Edit: After looking things over some more, it has become obvious that the kit is cut properly, though the W7 parts are a little narrow (short). Sooo--disregard the rest of the post below describing the error in the kit. It isn't so. The W8 parts fit at such an angle that they need to be wider to cover the distance.

Bummer!!! For any of you currently building this kit, I just discovered an error in the laser cutting of two of the wing parts. The parts are W7 and W8. W7 is located at the trailing edge of the wing ribs, adjacent to the ailerons, and is cut too narrow. It is the proper width to fit where W8 is supposed to fit. W8 is located at the leading edge of the aileron ribs, and is cut wider (taller) than W7, and is the proper width for W7. The two parts can't simply be exchanged, as they are cut to the correct lengths, with W7 being slightly longer than W8.

I have e-mailed Dare Design, so they can get this corrected, if they haven't already. Mine is an early kit, so it could be already corrected.

I think I can use the two parts as they are, by shimming out to the end of W8 allowing it to work in the W7 position, and shortening W7.

This is a pain, as I already had the W7 parts glued in place, along with their scratch built counterparts for the flaps. I have more or less successfully disassembled the parts from one wing, and the other is soaking in de-bonder. I just hate this, as it messes up an otherwise enjoyable build. Oh well, I suppose I'll eventually work around it and it will be forgotten.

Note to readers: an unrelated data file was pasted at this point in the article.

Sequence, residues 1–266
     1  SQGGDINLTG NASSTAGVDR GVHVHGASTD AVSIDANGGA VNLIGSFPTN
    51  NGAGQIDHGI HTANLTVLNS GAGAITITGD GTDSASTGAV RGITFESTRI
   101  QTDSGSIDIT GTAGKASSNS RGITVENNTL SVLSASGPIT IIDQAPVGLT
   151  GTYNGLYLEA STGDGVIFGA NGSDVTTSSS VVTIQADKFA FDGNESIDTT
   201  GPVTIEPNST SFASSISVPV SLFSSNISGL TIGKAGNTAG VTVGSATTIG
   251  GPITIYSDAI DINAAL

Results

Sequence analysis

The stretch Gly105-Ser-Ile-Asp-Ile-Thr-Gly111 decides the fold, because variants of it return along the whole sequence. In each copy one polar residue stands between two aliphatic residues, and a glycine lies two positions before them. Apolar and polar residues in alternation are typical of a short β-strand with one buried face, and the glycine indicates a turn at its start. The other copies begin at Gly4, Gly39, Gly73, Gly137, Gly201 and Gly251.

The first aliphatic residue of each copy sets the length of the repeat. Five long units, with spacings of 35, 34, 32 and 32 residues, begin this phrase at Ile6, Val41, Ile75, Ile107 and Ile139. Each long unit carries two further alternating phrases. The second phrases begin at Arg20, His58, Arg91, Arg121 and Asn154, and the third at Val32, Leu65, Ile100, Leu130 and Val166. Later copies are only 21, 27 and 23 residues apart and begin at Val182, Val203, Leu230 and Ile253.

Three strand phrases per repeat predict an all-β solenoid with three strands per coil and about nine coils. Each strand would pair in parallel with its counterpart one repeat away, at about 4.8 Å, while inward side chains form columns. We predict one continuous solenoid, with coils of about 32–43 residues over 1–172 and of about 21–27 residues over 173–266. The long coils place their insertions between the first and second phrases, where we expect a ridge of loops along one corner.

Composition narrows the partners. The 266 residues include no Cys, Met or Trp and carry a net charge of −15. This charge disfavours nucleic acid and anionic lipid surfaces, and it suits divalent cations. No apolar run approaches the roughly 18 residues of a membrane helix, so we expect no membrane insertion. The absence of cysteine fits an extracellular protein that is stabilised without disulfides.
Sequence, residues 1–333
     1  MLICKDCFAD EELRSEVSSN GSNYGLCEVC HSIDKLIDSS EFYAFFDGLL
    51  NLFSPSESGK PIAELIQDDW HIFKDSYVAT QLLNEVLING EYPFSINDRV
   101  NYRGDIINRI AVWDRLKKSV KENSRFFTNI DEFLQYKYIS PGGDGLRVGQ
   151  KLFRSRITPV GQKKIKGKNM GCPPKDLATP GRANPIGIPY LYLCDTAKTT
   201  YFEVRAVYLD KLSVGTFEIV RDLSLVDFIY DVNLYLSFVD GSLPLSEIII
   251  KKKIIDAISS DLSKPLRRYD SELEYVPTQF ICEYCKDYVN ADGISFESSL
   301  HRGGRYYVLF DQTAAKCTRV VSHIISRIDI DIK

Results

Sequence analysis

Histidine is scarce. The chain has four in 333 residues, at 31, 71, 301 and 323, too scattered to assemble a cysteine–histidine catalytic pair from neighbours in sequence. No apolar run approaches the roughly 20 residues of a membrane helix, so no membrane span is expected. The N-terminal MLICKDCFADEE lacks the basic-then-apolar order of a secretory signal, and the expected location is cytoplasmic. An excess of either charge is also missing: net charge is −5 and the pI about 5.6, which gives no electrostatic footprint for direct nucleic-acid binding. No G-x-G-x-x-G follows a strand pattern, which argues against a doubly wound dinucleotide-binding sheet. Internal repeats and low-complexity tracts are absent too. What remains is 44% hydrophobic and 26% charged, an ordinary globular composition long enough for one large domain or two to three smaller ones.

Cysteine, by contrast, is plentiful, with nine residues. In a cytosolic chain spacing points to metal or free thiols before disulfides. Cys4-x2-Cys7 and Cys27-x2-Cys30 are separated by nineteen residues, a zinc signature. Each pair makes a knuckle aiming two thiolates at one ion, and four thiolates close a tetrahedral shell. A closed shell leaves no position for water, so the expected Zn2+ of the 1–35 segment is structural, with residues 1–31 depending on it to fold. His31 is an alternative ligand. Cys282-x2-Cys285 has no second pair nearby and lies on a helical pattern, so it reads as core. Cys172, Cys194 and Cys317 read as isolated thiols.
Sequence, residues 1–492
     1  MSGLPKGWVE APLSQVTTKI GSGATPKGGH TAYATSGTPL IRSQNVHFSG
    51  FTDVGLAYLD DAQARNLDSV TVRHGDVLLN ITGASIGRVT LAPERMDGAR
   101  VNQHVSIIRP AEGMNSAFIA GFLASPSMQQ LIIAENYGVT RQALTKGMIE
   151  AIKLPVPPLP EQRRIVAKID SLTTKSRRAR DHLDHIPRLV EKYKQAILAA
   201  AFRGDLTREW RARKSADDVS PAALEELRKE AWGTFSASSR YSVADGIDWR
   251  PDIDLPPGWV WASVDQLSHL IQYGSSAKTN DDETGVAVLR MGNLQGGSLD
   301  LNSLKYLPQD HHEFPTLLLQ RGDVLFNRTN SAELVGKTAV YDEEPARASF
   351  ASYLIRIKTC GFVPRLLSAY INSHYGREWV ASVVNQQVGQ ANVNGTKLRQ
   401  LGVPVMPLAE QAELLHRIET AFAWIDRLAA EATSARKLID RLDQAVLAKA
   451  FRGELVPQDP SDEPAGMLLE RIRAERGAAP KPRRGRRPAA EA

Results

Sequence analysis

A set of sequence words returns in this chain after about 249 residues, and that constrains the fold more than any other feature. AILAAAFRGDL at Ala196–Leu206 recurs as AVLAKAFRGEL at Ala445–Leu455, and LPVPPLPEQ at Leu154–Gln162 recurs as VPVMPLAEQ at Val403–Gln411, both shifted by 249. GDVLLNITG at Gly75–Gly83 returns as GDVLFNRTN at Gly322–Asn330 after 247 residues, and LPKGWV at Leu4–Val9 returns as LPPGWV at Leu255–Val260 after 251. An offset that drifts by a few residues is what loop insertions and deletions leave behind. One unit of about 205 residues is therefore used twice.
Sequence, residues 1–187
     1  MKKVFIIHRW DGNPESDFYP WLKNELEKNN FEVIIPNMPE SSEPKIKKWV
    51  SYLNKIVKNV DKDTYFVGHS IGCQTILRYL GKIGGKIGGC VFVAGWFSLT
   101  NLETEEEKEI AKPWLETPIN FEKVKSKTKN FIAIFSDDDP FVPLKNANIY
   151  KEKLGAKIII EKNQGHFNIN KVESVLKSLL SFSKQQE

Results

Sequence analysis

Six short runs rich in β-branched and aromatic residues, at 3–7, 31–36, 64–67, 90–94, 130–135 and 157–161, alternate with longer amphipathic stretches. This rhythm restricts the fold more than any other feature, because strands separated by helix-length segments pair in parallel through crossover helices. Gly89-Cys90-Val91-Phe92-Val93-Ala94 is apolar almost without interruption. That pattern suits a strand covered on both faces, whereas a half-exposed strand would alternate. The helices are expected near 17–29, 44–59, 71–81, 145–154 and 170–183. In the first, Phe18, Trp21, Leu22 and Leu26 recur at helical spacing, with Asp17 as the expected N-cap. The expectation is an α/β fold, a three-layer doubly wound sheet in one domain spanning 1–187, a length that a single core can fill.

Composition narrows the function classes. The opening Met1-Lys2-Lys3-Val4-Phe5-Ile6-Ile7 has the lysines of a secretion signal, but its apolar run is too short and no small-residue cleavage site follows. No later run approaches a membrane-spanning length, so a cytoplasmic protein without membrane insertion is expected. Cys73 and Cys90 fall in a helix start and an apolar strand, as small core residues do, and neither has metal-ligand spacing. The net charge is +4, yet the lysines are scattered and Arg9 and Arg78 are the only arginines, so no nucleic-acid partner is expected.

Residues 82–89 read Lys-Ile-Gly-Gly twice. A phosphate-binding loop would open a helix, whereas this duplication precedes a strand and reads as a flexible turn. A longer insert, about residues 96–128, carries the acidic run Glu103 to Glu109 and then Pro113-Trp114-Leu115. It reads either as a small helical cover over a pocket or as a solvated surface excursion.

#13 portablevcb Jun 15, 2004 12:09 PM


I didn't notice, did the kit have provisions for flaps or are you bashing them? Make sure you get some detailed photos of those parts you changed, like flaps and doors.

I am getting closer to wanting to build this one. Maybe next winter I'll have time :)


#14 AmpAce Jun 15, 2004 12:29 PM

Charlie, No provisions for flaps in the kit. Having to bash them, but it's fairly simple, that is it would be if I could avoid the mistakes. Should have paid more attention to the wing parts not quite fitting right when I glued them in.

The flap bash basically involves just extending another segment of the aileron in to the fuselage. I had to cut the corresponding wing ribs back to make space for the flaps, and I think I can easily reshape the cut off rib ends to make the flap ribs. Also have the aileron ribs to use as patterns. I think I will change the angles at the leading edge of the flap ribs to eliminate the gap at the bottom, as I have some long-moment hinges that I plan to use for the flaps. These are supposed to allow operation more like "fowler flaps" which leaves a gap at the leading edge when deployed. We'll see.

Will try to post some more photo's, when I get them.



#15 AmpAce Jun 15, 2004 03:50 PM

My humble apologies!! The error with the wing parts described in Post #12 is my mistake. The W8 part sits at more of an angle than I thought, thus it needs to be wider (taller) to take up the space. The W7 is cut a little too narrow, but nothing that a little sanding won't cure.

Another thing to watch out for---the triangular trailing edges do have a 90 degree angle between their leading edge and one of the flat sides, but not the other, so they can be installed upside down. When this is done the fit between the back of the aileron ribs and the leading edge of the trailing edge is poor. Ask me how I know! These parts are so small that this angle is hard to see.